“We register that he (Haslestad) has two different answers as to when he was told that money was paid out,” said Holba’s’s defense attorney Nadia Hall.
Several Yara executives on the stand
Haslestad’s contradictory testimony came after a string of former and current Yara executives have taken the witness stand in the case involving Yara’s large payments to the sons of officials in Libya and India when the company was trying to set up operations there. Faksvaag testified that he’d been worried about a suspicious transaction tied to the Libya project but didn’t pursue it when told that his former boss, Kendrick Wallace, was involved. Tom Østlyngen, who headed Yara’s efforts to establish a fertilizer plant in Libya, testified that he knew nothing about the payments to the son of Libya’s oil minister at the time. He also claimed that he demanded, and received, assurances from Holba that no corruption was involved in the Libya project.
Tormod Tingstad, meanwhile, testified that he thought Yara’s management tried to blame Yara’s Turkish partner, Nejdet Baysan, for facilitating the bribery payments. Tingstad was in charge of corporate compliance at Yara, and felt that an arbitration case Yara brought against Baysan for compensation was deeply unfair. He ended up losing his job over his objections to what he felt was Yara’s attempt to recoup the payments instead of tackling the root of the problem.
“We had huge problems in Yara at the time,” testified Tingstad, who now works for KPMG in Copenhagen. “I thought it was very difficult to single out one person and put all the blame on him.” Haslestad wouldn’t comment on Tingstad’s testimony.
Yara ultimately decided to accept a record large fine for corruption when Haslestad was still CEO. “We had a good discussion with our attorneys and the board about whether to accept blame and about the size of the fine,” Haslestad said. “There was a desire from the board to put this case behind us.”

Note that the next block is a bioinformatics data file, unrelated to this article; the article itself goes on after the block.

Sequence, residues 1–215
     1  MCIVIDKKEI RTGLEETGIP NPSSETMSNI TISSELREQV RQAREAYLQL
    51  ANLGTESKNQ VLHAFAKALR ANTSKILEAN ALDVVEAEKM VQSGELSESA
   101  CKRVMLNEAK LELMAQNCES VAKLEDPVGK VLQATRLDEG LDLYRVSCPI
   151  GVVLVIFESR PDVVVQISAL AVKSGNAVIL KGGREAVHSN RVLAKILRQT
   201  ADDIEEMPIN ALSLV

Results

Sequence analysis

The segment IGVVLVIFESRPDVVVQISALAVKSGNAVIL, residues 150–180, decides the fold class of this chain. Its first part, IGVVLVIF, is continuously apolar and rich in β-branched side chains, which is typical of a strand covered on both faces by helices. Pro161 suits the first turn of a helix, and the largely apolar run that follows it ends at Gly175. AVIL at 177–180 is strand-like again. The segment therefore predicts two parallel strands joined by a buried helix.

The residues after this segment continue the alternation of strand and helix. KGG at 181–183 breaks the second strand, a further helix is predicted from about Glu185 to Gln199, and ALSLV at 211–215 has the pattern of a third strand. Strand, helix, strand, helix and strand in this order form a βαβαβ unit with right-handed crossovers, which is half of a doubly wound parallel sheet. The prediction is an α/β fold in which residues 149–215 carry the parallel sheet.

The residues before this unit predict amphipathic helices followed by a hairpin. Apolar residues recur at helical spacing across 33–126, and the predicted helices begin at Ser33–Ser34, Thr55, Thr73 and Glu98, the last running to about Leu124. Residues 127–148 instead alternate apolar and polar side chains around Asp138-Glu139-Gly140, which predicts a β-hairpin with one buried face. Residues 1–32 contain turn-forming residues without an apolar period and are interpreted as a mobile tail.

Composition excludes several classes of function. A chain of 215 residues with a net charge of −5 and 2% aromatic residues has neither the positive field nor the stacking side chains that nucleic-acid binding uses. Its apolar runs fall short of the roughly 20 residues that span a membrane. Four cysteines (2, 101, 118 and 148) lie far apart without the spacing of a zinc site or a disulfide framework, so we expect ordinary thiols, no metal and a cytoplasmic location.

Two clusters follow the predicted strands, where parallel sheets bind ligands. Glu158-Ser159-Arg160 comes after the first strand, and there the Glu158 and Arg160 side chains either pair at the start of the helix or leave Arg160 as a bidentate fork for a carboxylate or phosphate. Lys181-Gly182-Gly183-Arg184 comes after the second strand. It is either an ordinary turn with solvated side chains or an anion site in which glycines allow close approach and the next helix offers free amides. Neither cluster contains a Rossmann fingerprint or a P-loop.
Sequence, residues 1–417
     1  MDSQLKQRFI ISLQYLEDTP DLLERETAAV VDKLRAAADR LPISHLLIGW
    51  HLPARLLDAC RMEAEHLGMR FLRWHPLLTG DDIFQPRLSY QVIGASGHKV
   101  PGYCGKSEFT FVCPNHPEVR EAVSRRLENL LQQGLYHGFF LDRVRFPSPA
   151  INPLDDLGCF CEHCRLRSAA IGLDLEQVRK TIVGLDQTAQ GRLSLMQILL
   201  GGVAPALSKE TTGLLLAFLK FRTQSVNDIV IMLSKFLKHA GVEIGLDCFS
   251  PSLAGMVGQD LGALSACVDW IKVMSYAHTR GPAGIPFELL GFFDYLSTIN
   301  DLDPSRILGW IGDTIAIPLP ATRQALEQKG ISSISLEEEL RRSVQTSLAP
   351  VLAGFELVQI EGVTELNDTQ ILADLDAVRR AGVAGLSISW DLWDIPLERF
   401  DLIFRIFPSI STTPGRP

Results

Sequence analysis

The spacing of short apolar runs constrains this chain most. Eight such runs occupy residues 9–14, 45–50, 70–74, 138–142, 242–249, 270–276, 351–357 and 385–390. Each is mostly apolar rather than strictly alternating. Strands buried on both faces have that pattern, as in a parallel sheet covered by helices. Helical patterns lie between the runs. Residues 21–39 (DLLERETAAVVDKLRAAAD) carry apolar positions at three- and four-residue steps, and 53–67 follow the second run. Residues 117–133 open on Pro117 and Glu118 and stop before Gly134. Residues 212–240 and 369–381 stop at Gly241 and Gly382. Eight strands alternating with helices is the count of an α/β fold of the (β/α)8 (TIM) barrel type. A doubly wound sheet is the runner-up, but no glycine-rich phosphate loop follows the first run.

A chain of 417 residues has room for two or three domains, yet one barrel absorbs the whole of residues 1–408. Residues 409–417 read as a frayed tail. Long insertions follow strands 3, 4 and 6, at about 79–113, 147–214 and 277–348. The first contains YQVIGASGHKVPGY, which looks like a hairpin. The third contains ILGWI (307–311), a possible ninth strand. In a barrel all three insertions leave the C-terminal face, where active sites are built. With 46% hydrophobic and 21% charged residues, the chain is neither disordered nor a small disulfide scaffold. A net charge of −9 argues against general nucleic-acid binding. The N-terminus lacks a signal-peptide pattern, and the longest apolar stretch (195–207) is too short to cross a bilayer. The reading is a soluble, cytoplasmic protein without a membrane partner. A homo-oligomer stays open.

Former board member blasted management
Also testifying late last week was Lone Fønss Schrøder, one of Denmark’s best-known businesswomen who sat on Yara’s board from 2004 to 2009. She claimed there was an unwillingness on the part of management to answer questions and “to understand what the board’s role was.” She claimed in a letter to Trade Minister Monica Mæland last year that Haslestad’s precessor, Thorleif Enger, once told her that he viewed “any question as an insult.” In court she directly attacked Enger and the relation his management team had to the board.
“My clear impression in Yara was that you couldn’t do a satisfactory job as a board member because you couldn’t get information about what went on in the company,” Schrøder testified. “My impression was that Yara was an incredibly management-run company.” Enger was particularly difficult, she claimed, not least regarding the lucrative options packages he and other top managers received.
“He would get so furious that it was uncomfortable to have a dialogue about something I thought was reasonable,” she said. Schrøder was not reelected to Yara’s board in 2010, two years after Enger left, even though she wanted to continue. “I think I was seen as being difficult,” she testified. Enger’s defense attorney had no comment on Schrøder’s description of Enger.